22nd MEU pauses to remember service and sacrifice of fallen warrior

19 Jul 2004 | Gunnery Sgt. Keith A. Milks

In the sweltering heat of an early July morning, as the daily activities of Kandahar Air Field, Afghanistan continued unabated around them, the approx. 2,400 Marines and Sailors of the 22nd Marine Expeditionary Unit (Special Operations Capable) paused to remember one of their own who paid the ultimate price in the war on terror.

Lakeland, Florida native Cpl. Ronald R. Payne Jr. was killed May 7, 2004, near the village of Sahmardun Ghar, Afghanistan in a firefight with Taliban insurgents. 

During the hour-long ceremony, which had Ron's light armored vehicle as a backdrop, the chaplains of the MEU Command Element, Battalion Landing Team 1st Bn., 6th Marines, and MEU Service Support Group 22 joined the MEU's commanding officer, Col. Kenneth F. McKenzie Jr., in eulogizing the fallen warrior.

"Corporal Payne was the first to go home ahead the rest of us," said Navy Lt. John Hoke, BLT 1/6 Chaplain.  "I don't mean the soil of his home state of Florida which now covers his body in peace ... I mean he is home in heaven.  Surely the Heavenly Father has given him a homecoming greater than we will receive in September on the shores of Camp Lejeune."

"This is the fourth time I have been given the challenge to speak about Corporal Payne at a service of his memory.  I asked God to let me know what Ronald Payne would want me to say."

Hoke scanned the crowd before continuing.

"I think Ron would want me to speak about you, because this is also our opportunity to salute every Marine and Sailor who went into battle.  Corporal Payne's greatness is not in his dying, but in his living as a Marine team leader."

Paraphrasing Army Gen. George Patton, Hoke continued.  "The Corps is a team.  It lives, sleeps, eats, and fights as a team."

It was as a member of this team, fighting not for his country or the future of Afghanistan, but for his comrades, that Ron lost his life.

On May 7, Ron was participating in a nighttime dismounted patrol when he and his fellow Marines encountered a group of Afghan men who pulled weapons from under their clothing and opened fire on the patrol.  The patrol leader, Staff Sgt. Brian Thompson, was hit in this first volley, and became the target of concentrated enemy rifle and machine gun fire.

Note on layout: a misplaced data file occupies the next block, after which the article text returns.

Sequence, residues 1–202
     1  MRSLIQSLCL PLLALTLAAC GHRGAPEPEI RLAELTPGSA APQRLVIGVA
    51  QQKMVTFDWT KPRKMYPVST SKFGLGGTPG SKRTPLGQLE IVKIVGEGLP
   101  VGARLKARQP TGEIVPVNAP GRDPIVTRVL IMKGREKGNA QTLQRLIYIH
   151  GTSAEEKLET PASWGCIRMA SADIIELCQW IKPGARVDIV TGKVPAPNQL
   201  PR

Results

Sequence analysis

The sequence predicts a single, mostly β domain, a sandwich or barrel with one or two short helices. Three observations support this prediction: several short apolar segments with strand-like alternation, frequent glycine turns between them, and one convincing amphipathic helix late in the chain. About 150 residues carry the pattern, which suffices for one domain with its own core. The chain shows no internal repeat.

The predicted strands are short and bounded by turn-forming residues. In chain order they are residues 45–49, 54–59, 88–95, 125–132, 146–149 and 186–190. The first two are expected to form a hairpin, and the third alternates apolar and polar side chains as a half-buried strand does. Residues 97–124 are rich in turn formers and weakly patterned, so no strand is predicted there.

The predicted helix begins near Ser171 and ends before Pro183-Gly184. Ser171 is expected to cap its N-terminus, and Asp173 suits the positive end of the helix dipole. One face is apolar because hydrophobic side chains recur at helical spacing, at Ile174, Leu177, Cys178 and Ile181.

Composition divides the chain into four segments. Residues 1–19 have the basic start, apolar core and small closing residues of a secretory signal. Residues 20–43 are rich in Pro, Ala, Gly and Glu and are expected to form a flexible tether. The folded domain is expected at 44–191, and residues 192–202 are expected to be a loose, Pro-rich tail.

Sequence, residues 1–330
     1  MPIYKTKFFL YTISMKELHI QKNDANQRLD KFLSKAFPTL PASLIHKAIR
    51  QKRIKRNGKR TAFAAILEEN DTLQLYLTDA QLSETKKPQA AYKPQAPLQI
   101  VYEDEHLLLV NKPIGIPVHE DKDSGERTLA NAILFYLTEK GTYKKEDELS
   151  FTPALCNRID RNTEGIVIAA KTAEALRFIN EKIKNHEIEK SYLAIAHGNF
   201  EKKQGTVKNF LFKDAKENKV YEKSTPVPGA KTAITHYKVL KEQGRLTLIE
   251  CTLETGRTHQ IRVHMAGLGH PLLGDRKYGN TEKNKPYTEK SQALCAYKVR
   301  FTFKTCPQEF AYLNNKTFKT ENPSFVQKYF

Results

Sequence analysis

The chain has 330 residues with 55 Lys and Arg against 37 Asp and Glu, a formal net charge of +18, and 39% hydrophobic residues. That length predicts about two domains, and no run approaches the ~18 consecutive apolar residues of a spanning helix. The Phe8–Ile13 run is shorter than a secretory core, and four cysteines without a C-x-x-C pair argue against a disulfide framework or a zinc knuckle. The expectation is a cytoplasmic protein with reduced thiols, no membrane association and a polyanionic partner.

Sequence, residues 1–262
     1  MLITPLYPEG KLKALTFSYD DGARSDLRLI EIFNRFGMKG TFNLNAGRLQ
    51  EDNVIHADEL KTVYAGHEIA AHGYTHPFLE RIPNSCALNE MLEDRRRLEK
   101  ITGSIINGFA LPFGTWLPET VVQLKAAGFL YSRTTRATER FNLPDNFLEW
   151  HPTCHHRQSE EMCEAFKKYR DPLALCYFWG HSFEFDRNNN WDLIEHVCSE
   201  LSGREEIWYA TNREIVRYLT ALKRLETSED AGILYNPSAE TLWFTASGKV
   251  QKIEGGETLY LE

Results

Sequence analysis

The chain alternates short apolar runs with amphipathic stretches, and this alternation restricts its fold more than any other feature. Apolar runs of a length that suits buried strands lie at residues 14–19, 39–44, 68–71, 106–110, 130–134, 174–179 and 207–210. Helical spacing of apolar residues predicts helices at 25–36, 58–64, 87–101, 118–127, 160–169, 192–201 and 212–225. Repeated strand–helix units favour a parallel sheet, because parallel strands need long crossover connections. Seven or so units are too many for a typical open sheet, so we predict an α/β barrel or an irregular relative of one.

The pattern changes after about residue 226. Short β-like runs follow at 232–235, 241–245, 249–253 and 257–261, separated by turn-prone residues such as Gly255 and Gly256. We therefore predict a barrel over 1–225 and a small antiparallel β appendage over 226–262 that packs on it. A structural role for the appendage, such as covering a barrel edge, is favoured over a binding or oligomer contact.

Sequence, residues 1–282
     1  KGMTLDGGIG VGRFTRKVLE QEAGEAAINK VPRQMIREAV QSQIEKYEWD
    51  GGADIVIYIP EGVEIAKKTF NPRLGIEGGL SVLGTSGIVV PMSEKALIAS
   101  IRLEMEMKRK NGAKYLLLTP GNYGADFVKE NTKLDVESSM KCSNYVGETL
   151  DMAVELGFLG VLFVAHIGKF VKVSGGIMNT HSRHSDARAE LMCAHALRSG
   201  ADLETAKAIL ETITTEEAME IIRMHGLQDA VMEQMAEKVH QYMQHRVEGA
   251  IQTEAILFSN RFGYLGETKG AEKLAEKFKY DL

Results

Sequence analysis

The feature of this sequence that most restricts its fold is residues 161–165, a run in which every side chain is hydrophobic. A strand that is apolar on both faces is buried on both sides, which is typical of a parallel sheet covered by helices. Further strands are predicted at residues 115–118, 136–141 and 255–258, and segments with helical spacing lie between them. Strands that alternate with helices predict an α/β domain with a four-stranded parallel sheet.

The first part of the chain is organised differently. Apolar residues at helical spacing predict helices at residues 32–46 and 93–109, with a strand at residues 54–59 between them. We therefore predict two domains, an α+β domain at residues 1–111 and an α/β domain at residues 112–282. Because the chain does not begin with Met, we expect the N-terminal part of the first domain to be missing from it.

Ron unhesitatingly left the safety of a boulder where he had sought cover and exposed himself to the intense enemy fire to draw their attention away from Thompson.  In full view of the enemy, Ron opened fire and hit the man who had wounded Thompson.  Ron's selfless act diverted attention from Thompson, who seized the opportunity to crawl behind cover, and drew the focus of the enemy toward himself.  Seconds later, Ron himself was wounded by gunfire.

As the fight raged around them, the platoon corpsman, Petty Officer Third Class Robert S. Spejcher, began treating Ron when a nearby RPG blast wounded the pair.  Spejcher received numerous shrapnel wounds, and Ron's injuries proved fatal.

The other two members of the patrol, Lance Cpl. Gary Spangler and Pvt. Brett Miller, laid down a base of fire against Taliban fighters attempting to flank and overrun their position, and enabled the patrol to break contact.  Within an hour of the engagement, two rifle rifle companies were brought in and swept the area, in time discovering four dead enemy fighters, three RPG launchers with five rounds, two medium machine guns, 11 assault rifles, seven anti-tank mines, grenades, and nearly five thousand rounds of ammunition.

"Ron and his fellow Marines inflicted a severe blow upon the enemy and stopped future attacks on coalition forces and innocent civilians," said Lt. Col. Asad A. Khan, commanding officer of BLT 1/6, speaking about the brief, yet intense fight.

During the ceremony, Sgt. Benjamin C. Brown III, Ron's platoon sergeant and comrade-in-arms during combat in both Afghanistan and Iraq, led the seven-Marine firing detail that fired three volleys in his honor.  Minutes later, a formation of four AV-8B Harrier II attack jets from the MEU approached and as they passed over the formation, one of the four peeled off to symbolize Payne's departure from the MEU's ranks.

"He has not, and will not, ever really leave us," said McKenzie.  "We're all gonna grow old, and memories of our time here in Afghanistan will fade or be altered.  Our memories of Corporal Payne will do neither of these things.  I charge all of you never to forget him and the sacrifice he made for each of us."

"He will forever in our memory be twenty three years old and a rifleman going forward to engage the enemy."

For more information on the 22nd MEU (SOC)'s role in Operation ENDURING FREEDOM, visit the unit's web site at http://www.22meu.usmc.mil.
22nd Marine Expeditionary Unit